The vocal and choral pieces here are contrasted with various contemporary sonatas and instrumental compositions. The strings offer generally lively and vibrant playing, for example in the delightful foil to the slower-moving notes of the continuo in the Sonata by Giovanni Legrenzi, and in the scurrying imitations of Philipp Friedrich Buchner’s work, which is virtually Corellian in style. In Giovanni Valentini’s Sonata, the violins demonstrate that they are as clearly and crisply projected as the bright-sounding cornetti in that composition, or the single cornetto of Biagio Marini’s Sonata where Bruce Dickey contrives almost to replicate the splendid timbre of a trumpet. In Jarzębski’s Concerto secondo the cornetto stands out like a shaft of brilliant light against the sombre shadow of the trombone and organ.
Altogether this is a well-researched and recorded project that brings together some fine music and will surely make the listener want to explore further such little-known repertoire in the earlier phase of the Baroque period. It is just a pity there are no texts.
Asprilio PACELLI (1570-1623)
Dum esset rex from Sacrae cantiones (1608) [6:24]
Adam JARZĘBSKI (c1590-c1648)
Concerto secondo from Canzoni e concerti (1627) [2:04]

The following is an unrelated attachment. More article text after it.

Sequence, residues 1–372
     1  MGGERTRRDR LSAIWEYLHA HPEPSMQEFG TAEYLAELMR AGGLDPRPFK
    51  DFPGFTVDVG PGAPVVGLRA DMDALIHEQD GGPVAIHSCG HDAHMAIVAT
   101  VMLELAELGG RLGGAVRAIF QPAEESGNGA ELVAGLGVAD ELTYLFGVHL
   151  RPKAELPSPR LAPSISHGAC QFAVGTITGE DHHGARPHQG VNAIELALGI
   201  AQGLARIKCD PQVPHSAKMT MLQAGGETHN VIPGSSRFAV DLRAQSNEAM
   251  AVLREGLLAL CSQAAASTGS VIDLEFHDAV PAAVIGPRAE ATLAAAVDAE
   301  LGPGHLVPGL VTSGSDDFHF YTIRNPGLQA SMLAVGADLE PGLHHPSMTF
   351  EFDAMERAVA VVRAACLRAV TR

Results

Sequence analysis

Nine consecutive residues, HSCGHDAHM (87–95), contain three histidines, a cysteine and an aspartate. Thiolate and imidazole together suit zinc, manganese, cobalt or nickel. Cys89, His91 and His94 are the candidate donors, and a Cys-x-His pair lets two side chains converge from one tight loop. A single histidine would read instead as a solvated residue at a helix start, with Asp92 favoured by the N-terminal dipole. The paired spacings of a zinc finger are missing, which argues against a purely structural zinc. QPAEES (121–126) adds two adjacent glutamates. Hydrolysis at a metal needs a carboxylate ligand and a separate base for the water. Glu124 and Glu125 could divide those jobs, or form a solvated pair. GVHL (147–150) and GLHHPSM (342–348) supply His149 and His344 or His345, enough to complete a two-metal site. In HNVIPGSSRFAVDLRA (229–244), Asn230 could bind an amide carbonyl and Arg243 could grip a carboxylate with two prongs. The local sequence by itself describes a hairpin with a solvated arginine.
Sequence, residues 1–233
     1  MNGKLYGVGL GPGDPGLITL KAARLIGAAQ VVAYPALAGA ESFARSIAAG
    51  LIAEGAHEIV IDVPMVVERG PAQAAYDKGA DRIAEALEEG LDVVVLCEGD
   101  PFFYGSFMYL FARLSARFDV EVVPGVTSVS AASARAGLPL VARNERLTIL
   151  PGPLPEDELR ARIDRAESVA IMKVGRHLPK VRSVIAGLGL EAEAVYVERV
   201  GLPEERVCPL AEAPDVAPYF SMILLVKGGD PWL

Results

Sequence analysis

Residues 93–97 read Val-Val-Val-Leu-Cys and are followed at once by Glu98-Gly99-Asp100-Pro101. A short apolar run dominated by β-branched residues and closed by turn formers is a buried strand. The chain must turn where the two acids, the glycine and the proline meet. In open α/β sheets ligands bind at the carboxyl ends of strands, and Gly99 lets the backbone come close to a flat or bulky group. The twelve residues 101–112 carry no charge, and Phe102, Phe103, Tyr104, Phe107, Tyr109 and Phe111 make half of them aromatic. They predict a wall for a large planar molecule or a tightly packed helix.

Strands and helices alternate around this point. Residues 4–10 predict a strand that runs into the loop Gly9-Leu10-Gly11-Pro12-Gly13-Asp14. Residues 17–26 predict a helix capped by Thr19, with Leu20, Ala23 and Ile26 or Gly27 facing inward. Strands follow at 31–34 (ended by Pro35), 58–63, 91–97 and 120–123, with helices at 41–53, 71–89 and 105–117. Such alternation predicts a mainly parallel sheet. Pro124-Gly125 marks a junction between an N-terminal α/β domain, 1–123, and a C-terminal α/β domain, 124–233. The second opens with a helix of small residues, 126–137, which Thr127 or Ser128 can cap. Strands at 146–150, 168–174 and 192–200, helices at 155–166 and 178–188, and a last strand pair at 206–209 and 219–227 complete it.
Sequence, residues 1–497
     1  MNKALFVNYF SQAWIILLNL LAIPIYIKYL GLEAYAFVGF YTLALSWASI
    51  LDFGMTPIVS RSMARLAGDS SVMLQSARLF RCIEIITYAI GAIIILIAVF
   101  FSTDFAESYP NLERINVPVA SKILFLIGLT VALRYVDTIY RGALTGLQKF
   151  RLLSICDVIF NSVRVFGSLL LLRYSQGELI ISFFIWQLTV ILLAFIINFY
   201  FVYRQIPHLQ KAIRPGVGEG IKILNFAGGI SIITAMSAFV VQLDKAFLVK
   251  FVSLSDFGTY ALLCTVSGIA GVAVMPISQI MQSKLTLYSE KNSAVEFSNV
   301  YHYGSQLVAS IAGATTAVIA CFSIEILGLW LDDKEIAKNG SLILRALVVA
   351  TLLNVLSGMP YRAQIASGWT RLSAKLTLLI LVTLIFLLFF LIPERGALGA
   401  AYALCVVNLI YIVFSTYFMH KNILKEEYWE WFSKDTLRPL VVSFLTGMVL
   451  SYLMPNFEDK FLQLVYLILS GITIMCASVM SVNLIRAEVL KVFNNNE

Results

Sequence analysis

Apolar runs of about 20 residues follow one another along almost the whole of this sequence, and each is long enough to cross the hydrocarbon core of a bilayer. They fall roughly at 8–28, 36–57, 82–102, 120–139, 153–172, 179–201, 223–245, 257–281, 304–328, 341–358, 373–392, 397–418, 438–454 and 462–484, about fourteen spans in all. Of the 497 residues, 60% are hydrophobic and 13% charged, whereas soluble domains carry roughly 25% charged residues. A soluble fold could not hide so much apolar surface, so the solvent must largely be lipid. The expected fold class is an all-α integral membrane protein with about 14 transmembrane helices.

Mikołaj ZIELEŃSKI (c1550-c1615)
Communio Introibo ad altare Dei [3:48]
Biagio MARINI (1594-1663)
Sonata per l’Organo, Violino o cornetto from Sonate symphonie canzoni, Op.8 (1629) [4:27]
Daniel BOLLIUS (c1590-c1638)
Domine puer meus jacet in domo [4:59]
Franciszek LILIUS (c1600-c1657)
Exultabit cor meum [3:24]
Giovanni VALENTINI (c1582-1649)
Sonata à 5 Voci [4:23]
Paul SCHÄFFER (c1580-1645)
Jauchzet dem Herren alle Welt [6:58]
Tobias ZEUTSCHNER (1621-1675)
Der Herr gebe euch vom Tau des Himmels [8:47]
Marco SCACCHI (c1602-1662)
O Tod, du darfst nicht glauben [4:30]
Giovanni LEGRENZI (1626-1690)
Sonata VII La Donata from Sonate a due e tre, Op.2 (1655) [3:27]
Crato BÜTNER (1616-1679)
O quanta in coelis laetitia (1654) [8:13]
Tarquinio MERULA (1595-1665)
O Jesu mi dulcissime (1641) [4:03]
Philipp Friedrich BUCHNER (1614-1669)
Sonata XIV from Plectrum musicum, Op.4 (1662) [4:37]
Heilig ist der Herre Zebaoth (1676) [7:41]